Comments Off on Mayor of small Marion County town, Cletus Moore, 68, of Idanha, and Christopher Kosack, 39, face Methamphetamine charge

JEFFERSON — The 68-year-old mayor of the small town of Idanha has been arrested on a charge of possession of methamphetamine, the Marion County Sheriff’s Office said.

Lt. Chris Baldridge said Monday that Cletus Moore and his passenger, 39-year-old Christopher Kosack, were stopped for a traffic violation in Jefferson Sunday night. He declined to name the specific traffic violation.

Deputies allege they found “what appeared to be methamphetamine” on both men.

Baldridge said Moore was driving without insurance and his car was towed. The drug was found during a subsequent search of the car. According to the sheriff’s office, the men admitted to driving to Jefferson to buy meth.

Moore and Kosack were booked into the Marion County Jail and later released. They are to appear in court Sept. 28.

A message left at Moore’s home was not immediately returned.

Idanha is a town of about 140 people about 60 miles southeast of Salem.

Comments Off on Forest Grove Middle School teacher, Mike Terou Maraia, 50, arrested for possession of Methamphetamine and patronizing a prostitute in Portland

PORTLAND, Ore. (KOIN 6) – A Forest Grove math teacher appeared in court on Monday on allegations that he patronized a prostitute and had meth on him over the weekend.

Mike Terou Maraia, 50, was arrested by Portland Police at 3 a.m. on Sunday in the area of Southeast 139th and Division. On Monday, the Multnomah County District Attorney’s Office charged him with one count each of unlawful possession of maraiamethamphetamine and patronizing a prostitute. The drug charge is a Class-C felony.

Maraia, who lives in Beaverton, was convicted of attempted possession of a controlled substance and entered a DUII diversion program out of Washington County earlier this summer, records show.

During a jail release interview, Maraia told court staff that he uses methamphetamine on a weekly basis. He also told staff that he is a math teacher for the Forest Grove School District and has been employed with them for “20 some odd years,” records show.

The Oregonian/OregonLive, which broke the story, reports that Maraia works at Neil Armstrong Middle School. The paper also reports that Maraia told police that he planned to pay a younger woman $80 to have sex with her. Police found 3.1 grams of suspected meth and a meth pipe inside a Crown Royal bag, the paper reports.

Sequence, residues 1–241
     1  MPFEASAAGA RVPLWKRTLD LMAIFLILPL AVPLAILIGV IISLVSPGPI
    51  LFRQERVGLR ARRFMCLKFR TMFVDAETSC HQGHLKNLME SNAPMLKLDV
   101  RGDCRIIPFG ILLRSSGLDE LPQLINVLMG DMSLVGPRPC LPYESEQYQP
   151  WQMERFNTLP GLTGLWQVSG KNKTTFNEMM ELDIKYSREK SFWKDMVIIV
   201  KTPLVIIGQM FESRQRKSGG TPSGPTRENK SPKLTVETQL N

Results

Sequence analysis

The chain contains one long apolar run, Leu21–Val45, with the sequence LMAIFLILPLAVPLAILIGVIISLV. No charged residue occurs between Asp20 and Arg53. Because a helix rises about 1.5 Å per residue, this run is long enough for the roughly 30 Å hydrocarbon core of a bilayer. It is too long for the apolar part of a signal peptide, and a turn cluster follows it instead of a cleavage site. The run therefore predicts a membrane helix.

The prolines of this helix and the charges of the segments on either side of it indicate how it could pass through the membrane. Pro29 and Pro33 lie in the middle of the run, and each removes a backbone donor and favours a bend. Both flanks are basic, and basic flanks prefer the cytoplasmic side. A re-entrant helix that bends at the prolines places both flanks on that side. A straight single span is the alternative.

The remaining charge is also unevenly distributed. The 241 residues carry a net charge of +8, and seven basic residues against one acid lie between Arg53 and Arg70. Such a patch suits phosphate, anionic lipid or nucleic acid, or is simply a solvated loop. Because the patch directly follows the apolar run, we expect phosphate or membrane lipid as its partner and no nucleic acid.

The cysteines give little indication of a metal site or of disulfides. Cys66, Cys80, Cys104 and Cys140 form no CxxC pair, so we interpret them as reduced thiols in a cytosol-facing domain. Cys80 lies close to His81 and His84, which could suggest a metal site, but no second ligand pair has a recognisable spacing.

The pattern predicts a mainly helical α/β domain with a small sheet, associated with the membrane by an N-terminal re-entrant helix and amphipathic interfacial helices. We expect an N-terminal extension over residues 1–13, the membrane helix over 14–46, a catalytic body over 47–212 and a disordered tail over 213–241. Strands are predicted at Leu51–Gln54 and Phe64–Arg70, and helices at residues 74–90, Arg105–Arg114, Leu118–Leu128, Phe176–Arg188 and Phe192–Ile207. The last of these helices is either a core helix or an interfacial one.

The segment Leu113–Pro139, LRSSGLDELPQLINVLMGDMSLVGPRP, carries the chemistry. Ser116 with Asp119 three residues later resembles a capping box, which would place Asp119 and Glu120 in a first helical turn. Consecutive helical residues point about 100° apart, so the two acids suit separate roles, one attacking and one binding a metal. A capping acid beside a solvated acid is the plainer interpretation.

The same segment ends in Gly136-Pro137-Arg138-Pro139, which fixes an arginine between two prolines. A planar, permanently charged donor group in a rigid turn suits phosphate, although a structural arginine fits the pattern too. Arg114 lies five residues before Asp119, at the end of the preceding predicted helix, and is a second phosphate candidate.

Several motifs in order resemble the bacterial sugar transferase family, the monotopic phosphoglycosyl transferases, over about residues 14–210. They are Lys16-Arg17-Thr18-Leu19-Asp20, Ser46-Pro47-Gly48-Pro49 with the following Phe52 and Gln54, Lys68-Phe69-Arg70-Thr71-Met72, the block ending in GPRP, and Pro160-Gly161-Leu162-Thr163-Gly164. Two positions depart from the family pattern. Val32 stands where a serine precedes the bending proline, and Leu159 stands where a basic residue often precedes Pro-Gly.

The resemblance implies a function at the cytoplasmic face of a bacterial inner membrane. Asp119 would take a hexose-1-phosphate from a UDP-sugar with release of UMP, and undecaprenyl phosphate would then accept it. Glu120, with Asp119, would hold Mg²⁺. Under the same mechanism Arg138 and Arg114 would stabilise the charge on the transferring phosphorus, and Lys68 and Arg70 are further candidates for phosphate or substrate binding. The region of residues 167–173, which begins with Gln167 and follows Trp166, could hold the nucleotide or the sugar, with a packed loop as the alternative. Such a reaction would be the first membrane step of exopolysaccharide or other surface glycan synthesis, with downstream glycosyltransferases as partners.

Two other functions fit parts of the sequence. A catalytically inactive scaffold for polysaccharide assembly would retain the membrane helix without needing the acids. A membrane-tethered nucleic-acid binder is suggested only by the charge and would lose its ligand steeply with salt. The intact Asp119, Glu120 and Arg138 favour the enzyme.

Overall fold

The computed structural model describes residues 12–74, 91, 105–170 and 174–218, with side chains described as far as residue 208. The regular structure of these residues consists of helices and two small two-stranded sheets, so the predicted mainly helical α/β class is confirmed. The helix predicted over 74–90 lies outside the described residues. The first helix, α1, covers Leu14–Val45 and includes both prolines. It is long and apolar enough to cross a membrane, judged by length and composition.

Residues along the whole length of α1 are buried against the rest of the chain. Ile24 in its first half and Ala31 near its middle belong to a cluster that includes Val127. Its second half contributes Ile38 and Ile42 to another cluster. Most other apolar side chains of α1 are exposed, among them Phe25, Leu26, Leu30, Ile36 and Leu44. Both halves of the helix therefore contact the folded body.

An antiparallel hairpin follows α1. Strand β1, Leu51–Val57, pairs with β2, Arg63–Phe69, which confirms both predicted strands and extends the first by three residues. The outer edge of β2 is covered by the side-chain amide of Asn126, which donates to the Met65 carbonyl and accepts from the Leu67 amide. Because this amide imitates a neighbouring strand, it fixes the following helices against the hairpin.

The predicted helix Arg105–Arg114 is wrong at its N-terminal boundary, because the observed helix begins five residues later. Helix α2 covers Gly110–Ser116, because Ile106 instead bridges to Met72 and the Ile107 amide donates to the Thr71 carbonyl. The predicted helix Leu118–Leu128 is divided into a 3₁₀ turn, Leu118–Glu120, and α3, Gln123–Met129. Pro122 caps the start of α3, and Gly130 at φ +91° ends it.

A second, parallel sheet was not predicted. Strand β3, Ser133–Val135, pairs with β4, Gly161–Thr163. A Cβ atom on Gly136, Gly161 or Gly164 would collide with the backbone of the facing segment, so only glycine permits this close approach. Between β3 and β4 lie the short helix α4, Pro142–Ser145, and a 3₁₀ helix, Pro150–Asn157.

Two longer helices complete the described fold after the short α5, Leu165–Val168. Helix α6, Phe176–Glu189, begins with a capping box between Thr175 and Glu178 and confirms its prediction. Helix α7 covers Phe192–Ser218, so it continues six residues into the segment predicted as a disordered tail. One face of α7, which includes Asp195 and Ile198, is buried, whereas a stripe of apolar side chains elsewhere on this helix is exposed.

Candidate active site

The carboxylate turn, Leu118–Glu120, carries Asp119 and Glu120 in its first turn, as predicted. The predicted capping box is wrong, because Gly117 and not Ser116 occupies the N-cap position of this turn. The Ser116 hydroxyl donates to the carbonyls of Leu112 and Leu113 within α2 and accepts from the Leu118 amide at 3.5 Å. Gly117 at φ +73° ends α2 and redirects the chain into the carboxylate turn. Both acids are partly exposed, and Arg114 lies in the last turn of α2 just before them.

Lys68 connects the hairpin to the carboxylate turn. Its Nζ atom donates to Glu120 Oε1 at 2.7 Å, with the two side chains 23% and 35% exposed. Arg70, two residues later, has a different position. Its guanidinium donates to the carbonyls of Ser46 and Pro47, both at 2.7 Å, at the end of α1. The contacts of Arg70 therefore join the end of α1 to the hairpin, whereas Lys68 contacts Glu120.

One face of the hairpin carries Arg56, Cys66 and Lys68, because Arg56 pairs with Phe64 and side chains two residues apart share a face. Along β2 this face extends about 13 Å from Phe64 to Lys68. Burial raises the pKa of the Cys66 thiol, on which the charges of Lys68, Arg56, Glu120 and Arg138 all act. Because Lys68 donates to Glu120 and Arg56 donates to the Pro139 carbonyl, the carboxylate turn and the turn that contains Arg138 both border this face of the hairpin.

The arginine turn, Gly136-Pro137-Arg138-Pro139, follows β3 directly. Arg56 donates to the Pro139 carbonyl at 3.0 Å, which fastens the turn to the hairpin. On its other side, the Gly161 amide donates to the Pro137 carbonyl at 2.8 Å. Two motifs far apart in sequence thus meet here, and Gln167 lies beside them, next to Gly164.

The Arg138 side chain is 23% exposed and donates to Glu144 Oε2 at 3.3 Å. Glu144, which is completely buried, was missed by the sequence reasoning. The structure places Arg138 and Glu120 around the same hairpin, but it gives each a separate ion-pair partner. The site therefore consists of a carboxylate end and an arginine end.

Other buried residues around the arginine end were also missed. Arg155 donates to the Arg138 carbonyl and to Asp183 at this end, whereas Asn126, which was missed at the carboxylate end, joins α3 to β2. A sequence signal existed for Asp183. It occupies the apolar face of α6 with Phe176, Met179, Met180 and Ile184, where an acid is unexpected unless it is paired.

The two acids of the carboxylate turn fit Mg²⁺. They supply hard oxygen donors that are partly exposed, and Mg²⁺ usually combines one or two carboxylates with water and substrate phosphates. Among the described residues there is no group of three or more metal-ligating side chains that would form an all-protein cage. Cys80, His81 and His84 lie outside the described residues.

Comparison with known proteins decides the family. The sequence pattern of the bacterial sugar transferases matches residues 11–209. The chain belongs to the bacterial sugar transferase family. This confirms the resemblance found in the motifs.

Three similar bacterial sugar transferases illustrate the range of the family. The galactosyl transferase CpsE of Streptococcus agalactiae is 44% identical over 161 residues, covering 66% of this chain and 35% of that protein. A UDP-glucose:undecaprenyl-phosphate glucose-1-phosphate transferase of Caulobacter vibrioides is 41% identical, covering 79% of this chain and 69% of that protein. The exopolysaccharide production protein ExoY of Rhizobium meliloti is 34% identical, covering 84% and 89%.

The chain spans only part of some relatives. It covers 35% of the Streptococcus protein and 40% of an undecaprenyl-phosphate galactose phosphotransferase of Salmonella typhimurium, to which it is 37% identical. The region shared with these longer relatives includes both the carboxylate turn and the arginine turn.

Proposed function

Maraia appeared in Multnomah County Circuit Court on Monday afternoon for his first court appearance. Records show that he has retained criminal defense attorney Christopher M. Trotter. KOIN 6 News has been unable to reach Maraia, Trotter or the Forest Grove School District for comment.

Comments Off on “See Something, Say Something” results in arrests of 26-year-old Jennifer Shorter and 26-year-old Morgan Griffin for selling Methamphetamine in Crisp County

CRISP COUNTY, GA — The Crisp County Sheriff’s Office has made four arrests due to information gathered during the “See Something, Say Something” campaign.JAIL_INMATE_SHORTER_JENNIFER%20_MARIE_FRONT_08282015_025359_293_PM

According to Sheriff Billy Hancock, on August 27, his office, the Mid-South Narcotics Task Force and the Cordele Probation Department served arrest warrants on various individuals in Crisp County for distributing illegal narcotics.

The operation, targeting local drug distributors making undercover purchases of methamphetamine, cocaine and hydrocodone, began with information received as part of the “See Something, Say Something” campaign said Hancock.JAIL_INMATE_GRIFFIN_MORGAN_TAYLOR_FRONT_08282015_025527_402_PM

Those arrested so far include 39-year-old Arthur Starnes, who is charged with three counts of selling hydrocodone, a scheduled II narcotic; 26-year-old Jennifer Shorter, who is charged with sale of methamphetamine; 26-year-old Morgan Griffin, who is charged with two counts of selling methamphetamine and 41-year-old Albert Middlebrooks, Jr. who charged with sale of cocaine.

Comments Off on Lincoln County Deputies: Ronald Keith Scronce, 59, and Scotty Michael Crouse, 41, of Lincolnton, trafficked 50 grams of Methamphetamine into county

Two Lincolnton men, both convicted felons, were charged with trafficking methamphetamine on Friday by the Lincoln County Sheriff’s Office.

Ronald Keith Scronce, 59, of 928 White Street, and Scotty Michael Crouse, 41, of 2167 Stanley Drive, were charged after a nearly three-month-long investigation into the sale of meth. Deputies said they received information pointing to the two men Scotty Michael Crouse, 41; Ronald Keith Scronce, 59as sources for the drug and conducted a surveillance operation, which led to a traffic stop on South Grove Street Extension near Hilltop Road in Lincolnton on Friday.

When investigators searched the vehicle, they allegedly found 50 grams of methamphetamine, which they said had a street value of $3,000. Deputies also seized plastic baggies, needles and digital scales, according to a press release from the Sheriff’s Office. Deputies said Crouse, the driver of the vehicle, attempted to flee by running from the scene of the stop, but was quickly apprehended.

Deputies said the two men were regularly making trips out of Lincoln County to purchase meth and then bringing it back into the county to sell.

Scronce and Crouse were both charged with one felony count each of trafficking methamphetamine by transport and trafficking methamphetamine by possession. Crouse was also charged with a felony count of maintaining a vehicle for controlled substances and one misdemeanor count each of driving while license revoked, resisting a public officer and driving left of center.Lincoln County Sheriff’s Office deputies